Aikido founder

O'Sensei Morihei Ueshiba is known throughout the world as the founder of the martial art 'Aikido'. Born on 14 December 1883 in Tanabe, he died on 26 April 1969 at the age of 86. Many will only recognise his name or the portrait that, according to tradition, is placed on the place of honour in the dojo, the kamiza. 

Morihei Ueshiba practised many defensive sports, including Jiujitsu, Judo, spear and sword fighting.

He was the best at everything, but still he was not satisfied. He did not want to fight to be strong. There had to be more to life. So he thought about it and realised that if you want to be good at martial arts, body and mind in harmony must be. Because if your body and mind are in harmony, you will feel the attack coming better. Morihei Ueshiba was not only shaped by martial arts, but also by politics, religion and war. His native region was a centre of very old tradition. As a child he already showed a great interest in the alternative and the Shinto way of thinking, which he later incorporated into Aikido.

When Morihei was 19, he married Hatsu. They later had three sons of which Kisshomaru is the most famous. Kisshomaru made Aikido accessible to everyone. (In the meantime, he too has sadly passed away.) During his military service, he kept himself busy with intensief bezig met krijgskunsten.

After the war, Morihei Ueshiba continued to develop as a budo grandmaster. He developed to such an extent that as a 'little man' who was no taller than 1.50 metres, he could easily overthrow a strong man. Morihei Ueshiba was very good at dealing with other people's energy as well as his own.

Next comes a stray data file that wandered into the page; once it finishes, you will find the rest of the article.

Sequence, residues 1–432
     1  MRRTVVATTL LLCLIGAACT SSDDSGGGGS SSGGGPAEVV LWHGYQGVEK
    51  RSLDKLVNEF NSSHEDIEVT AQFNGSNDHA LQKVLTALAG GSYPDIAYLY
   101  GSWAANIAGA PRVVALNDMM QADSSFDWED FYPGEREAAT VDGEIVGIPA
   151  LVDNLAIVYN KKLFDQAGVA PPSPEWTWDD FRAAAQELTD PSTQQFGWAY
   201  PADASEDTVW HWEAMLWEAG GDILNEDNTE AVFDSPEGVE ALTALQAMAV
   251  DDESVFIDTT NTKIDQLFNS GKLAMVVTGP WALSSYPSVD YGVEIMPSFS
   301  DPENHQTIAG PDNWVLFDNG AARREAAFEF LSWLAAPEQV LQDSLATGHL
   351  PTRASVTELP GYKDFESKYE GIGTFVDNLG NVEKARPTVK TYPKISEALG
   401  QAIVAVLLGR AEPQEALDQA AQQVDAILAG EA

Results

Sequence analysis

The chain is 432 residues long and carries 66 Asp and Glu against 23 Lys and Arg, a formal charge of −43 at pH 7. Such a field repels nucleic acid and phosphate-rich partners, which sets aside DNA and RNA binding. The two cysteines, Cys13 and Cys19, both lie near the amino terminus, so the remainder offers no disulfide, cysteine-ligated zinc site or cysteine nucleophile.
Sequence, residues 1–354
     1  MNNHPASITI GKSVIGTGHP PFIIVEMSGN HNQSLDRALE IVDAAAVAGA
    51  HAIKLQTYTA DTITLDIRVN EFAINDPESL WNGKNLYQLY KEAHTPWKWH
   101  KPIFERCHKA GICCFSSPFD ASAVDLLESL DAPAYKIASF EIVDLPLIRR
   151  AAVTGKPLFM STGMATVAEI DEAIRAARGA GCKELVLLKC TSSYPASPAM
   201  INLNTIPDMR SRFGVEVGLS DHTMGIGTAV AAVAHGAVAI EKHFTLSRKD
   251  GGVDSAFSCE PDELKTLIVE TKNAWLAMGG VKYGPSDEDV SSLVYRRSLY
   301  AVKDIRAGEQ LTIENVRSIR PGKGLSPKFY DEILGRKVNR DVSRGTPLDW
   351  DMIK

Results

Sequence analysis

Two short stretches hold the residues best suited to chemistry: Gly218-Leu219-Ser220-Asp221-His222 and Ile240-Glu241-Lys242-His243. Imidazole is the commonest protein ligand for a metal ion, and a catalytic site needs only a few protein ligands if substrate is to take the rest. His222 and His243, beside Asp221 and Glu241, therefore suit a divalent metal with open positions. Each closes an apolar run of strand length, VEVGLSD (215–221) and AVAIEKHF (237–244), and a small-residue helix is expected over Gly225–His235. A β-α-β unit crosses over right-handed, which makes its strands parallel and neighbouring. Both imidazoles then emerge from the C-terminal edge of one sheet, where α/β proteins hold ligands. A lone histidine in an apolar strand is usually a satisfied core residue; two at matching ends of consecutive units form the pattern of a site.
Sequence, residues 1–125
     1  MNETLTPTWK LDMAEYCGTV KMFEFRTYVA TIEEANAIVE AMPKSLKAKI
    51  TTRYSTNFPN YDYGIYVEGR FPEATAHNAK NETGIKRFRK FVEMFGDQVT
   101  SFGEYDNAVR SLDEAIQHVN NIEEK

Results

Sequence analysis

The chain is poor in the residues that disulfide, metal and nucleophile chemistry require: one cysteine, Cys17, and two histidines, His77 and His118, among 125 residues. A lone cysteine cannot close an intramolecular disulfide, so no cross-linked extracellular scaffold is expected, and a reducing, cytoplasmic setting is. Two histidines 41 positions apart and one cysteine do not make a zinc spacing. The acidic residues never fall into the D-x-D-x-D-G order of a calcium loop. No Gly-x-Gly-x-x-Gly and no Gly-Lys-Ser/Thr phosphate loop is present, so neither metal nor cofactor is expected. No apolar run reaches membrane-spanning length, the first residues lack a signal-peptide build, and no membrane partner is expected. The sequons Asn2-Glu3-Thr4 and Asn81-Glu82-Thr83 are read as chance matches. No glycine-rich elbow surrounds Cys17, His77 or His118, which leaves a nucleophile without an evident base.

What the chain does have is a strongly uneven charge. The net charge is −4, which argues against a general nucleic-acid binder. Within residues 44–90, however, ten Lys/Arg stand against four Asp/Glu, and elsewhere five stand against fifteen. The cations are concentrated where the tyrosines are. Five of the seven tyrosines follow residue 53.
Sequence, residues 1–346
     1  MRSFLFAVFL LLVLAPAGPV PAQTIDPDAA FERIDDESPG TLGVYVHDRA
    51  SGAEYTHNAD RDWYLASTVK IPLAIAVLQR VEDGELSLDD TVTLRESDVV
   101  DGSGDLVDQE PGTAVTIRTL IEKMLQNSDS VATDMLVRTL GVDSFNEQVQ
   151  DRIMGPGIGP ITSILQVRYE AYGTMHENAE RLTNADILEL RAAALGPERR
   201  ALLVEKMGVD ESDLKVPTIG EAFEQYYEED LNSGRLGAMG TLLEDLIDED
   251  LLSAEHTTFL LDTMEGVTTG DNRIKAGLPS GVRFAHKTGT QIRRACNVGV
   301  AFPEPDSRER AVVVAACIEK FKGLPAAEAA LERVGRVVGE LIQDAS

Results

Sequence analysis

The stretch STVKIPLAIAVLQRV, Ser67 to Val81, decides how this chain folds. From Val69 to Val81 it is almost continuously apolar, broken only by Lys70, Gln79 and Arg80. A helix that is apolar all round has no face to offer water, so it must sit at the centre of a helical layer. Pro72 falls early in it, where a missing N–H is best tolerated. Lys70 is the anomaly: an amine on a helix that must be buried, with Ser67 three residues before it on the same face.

For example, there is a story that the famous boxing champion Horiguchi, "The piston" came to the dojo of the grandmaster. He wanted a match with Morihei Ueshiba. The grandmaster invited him to attack him with all his strength and ability. The boxer tried to hit the grandmaster on the chest with all his might and violence. Punches and blows came towards the grandmaster. Until suddenly the boxer's arms were hit from the outside with the grandmaster's hands. It was a flexible almost invisible movement. Horiguchi fell to the ground with two broken arms and spent another two months in hospital.

Morihei Ueshiba is a great example for people who practise Aikido, he has achieved a lot in his life and there is great respect for that. Because Morihei Ueshiba is so respected, he is also called O'Sensei, which in Japanese means 'great teacher'.

On the day Morihei Ueshiba died, the Japanese government offered him the 'Order of the Sacred Treasure', which was the highest honour he received for the realisation of Aikido

This is Morihei Ueshiba,
Founder of Aikido.

Morihei Ueshiba was very interested in the Shinto way of thinking.

O'sensei was very passionate about working with a Jo, the wooden stick.

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